Spend enough time using Linux and you are bound to hear terms like “X Server”, “Xorg”, “X Windows”, or “X11”. All of these terms refer to the same technology, and none of them are things you need for your Linux-based dedicated server.
On Linux and Unix-like operating systems, the X Server is a layer that sits on top of the text-based console, providing a GUI (graphical user interface) for users. Most desktop environments run on top of X, and it is commonly used on desktop and laptop installations of Linux distributions.
The reasons you do not need X on your server are threefold:
- You can accomplish everything you need to do from the command line, and if you need a graphical interface, you can use a web-based control panel.
- X is by its nature network-ready, which means that it is possible for remote users to login to the graphical interface. This can present a security risk on a server that does not even need it running in the first place (See reason #1)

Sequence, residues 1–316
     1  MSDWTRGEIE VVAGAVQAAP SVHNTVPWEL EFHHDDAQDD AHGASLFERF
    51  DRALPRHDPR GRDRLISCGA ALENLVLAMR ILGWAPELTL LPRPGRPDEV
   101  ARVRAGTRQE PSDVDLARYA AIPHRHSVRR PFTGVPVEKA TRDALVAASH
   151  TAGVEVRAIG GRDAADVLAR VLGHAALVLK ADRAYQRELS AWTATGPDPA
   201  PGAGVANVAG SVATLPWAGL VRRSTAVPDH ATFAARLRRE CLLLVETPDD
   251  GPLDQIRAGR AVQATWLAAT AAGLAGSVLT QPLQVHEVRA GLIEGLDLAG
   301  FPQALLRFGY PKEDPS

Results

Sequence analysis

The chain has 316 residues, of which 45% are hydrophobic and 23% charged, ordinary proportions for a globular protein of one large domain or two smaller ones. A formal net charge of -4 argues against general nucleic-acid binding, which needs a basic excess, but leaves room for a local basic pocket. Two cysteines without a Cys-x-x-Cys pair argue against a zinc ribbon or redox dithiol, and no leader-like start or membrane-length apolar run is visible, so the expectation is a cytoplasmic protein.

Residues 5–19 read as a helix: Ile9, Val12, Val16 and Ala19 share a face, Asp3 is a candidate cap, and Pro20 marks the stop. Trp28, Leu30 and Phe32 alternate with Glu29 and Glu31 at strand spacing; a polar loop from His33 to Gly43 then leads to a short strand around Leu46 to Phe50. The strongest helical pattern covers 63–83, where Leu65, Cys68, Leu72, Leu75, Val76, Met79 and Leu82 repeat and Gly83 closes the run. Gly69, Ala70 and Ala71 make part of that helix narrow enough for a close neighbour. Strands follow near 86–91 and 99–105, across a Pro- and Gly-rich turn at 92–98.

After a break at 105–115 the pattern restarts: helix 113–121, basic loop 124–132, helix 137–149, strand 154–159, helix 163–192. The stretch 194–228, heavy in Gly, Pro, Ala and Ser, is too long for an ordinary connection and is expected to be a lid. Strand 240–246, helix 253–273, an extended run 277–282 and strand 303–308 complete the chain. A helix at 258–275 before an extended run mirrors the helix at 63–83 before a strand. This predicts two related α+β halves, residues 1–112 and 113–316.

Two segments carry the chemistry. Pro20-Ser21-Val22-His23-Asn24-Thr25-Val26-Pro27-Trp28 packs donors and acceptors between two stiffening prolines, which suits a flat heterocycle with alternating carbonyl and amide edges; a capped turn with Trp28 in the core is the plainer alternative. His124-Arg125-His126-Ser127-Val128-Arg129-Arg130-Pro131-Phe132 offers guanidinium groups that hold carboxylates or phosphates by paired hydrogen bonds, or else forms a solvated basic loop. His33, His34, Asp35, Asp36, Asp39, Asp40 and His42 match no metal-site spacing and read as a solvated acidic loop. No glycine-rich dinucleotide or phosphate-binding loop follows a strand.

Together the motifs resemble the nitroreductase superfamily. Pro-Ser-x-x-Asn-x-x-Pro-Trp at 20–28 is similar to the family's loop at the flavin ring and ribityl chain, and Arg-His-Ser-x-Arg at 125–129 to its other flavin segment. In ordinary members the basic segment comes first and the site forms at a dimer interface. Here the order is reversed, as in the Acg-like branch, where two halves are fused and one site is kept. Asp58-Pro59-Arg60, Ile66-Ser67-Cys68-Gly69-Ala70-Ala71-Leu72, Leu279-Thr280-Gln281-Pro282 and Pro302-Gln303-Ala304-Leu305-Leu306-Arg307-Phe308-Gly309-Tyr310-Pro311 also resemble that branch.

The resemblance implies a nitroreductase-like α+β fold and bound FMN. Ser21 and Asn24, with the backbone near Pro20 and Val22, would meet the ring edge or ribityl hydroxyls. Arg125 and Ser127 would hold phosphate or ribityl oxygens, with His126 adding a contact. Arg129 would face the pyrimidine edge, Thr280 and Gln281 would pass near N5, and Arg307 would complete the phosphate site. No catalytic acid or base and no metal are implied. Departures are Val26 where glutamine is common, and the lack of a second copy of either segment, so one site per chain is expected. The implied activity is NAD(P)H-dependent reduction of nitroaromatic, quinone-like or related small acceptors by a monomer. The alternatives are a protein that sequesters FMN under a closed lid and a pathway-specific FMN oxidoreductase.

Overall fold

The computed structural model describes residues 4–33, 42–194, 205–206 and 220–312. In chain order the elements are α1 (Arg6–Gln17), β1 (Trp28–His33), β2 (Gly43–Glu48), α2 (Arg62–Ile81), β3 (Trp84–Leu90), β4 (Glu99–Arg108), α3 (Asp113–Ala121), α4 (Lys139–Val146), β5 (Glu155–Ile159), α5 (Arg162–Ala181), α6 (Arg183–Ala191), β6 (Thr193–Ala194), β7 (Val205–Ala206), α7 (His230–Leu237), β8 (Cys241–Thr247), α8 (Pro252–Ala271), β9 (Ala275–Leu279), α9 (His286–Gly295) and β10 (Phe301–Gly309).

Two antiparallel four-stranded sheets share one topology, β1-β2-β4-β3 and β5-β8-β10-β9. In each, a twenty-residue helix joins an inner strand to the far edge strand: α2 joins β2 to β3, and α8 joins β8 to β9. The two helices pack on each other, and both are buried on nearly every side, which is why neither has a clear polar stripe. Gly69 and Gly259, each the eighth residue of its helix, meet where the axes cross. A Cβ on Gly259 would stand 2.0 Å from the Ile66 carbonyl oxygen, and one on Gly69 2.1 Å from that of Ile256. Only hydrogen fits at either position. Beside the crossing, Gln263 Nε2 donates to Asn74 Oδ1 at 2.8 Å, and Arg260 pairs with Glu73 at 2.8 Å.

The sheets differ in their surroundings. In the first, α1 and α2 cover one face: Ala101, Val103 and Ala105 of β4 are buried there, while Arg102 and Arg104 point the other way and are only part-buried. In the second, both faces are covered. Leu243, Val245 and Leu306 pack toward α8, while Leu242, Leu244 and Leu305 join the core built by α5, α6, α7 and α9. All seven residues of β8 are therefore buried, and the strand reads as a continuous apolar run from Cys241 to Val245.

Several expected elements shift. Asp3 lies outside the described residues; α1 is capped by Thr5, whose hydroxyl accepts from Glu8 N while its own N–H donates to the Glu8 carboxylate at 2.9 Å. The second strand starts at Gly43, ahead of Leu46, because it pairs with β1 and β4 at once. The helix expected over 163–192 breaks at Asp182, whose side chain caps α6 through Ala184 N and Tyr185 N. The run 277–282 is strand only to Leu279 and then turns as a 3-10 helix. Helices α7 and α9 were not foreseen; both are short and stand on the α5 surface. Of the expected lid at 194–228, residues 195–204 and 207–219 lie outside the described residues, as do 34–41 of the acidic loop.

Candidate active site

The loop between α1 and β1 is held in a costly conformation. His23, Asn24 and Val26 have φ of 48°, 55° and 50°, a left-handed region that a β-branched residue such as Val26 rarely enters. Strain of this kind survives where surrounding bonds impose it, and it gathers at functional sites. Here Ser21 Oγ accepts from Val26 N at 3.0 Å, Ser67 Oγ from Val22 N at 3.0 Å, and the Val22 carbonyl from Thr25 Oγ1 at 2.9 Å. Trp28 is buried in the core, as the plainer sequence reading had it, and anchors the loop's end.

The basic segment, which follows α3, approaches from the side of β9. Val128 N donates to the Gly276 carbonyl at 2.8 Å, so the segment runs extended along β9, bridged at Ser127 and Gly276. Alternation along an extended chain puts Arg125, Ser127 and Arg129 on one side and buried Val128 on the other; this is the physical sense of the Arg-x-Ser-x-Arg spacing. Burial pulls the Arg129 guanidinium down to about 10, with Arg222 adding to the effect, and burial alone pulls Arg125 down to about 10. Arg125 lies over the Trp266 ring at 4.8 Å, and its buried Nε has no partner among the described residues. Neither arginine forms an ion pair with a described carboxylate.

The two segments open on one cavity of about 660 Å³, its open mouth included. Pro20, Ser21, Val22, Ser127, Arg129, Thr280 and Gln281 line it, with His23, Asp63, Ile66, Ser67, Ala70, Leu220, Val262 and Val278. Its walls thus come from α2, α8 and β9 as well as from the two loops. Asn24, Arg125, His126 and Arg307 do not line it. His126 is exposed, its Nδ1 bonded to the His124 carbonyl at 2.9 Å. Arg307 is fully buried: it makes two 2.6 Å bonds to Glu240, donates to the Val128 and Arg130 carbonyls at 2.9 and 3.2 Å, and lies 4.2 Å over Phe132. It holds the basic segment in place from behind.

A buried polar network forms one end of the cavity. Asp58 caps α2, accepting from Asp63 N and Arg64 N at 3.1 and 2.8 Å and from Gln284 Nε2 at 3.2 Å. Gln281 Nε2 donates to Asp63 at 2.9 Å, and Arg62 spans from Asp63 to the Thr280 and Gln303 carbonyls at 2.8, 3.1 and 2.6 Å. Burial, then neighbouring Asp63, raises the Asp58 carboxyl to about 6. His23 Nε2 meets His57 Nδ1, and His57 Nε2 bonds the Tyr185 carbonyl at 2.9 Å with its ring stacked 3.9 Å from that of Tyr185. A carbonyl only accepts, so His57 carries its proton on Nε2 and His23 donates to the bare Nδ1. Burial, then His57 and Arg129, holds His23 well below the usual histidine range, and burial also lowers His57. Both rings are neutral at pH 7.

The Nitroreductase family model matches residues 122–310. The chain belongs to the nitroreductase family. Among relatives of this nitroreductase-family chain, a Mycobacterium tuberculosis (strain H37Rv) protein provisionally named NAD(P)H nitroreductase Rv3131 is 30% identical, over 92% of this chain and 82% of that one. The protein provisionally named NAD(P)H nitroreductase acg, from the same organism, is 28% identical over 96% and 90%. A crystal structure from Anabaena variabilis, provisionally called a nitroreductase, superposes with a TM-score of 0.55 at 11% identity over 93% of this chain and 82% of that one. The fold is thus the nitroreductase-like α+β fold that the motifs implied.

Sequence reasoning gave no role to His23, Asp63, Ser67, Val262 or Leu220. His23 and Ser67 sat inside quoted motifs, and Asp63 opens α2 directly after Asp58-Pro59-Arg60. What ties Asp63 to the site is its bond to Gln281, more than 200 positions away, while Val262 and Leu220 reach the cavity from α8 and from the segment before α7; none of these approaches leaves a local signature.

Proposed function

- It consumes needed resources. There is no point in taking up extra RAM for X, especially if you are accessing your server remotely. X consumes a pretty big chunk of system memory and could possibly pinch away small amounts of CPU power, even when not in use. There is no point in sacrificing resources for something you do not need (see reason #1 again).
Just to bring home the point one more time, X is not something you need on a server, especially for web hosting. If you are running some type of application server that requires remote graphical logins, that is a different story, but for hosting, keep X off your server.